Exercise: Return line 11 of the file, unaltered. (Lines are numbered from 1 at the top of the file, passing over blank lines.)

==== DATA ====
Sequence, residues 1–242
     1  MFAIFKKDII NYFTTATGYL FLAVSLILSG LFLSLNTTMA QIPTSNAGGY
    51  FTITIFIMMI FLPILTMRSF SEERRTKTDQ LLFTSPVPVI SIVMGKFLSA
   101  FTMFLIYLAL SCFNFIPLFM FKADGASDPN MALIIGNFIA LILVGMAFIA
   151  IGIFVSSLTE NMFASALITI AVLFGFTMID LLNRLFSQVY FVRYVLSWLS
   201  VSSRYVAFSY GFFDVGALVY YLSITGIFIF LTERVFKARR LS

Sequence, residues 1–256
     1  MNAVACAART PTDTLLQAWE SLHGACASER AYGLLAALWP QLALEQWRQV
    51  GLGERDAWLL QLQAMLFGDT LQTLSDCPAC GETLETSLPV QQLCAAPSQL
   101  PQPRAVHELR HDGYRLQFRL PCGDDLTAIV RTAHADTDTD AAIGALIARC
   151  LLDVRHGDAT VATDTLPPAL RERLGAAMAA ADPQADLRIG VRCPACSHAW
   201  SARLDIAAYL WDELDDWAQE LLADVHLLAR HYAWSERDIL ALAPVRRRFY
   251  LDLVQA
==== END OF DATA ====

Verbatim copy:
   151  LLDVRHGDAT VATDTLPPAL RERLGAAMAA ADPQADLRIG VRCPACSHAW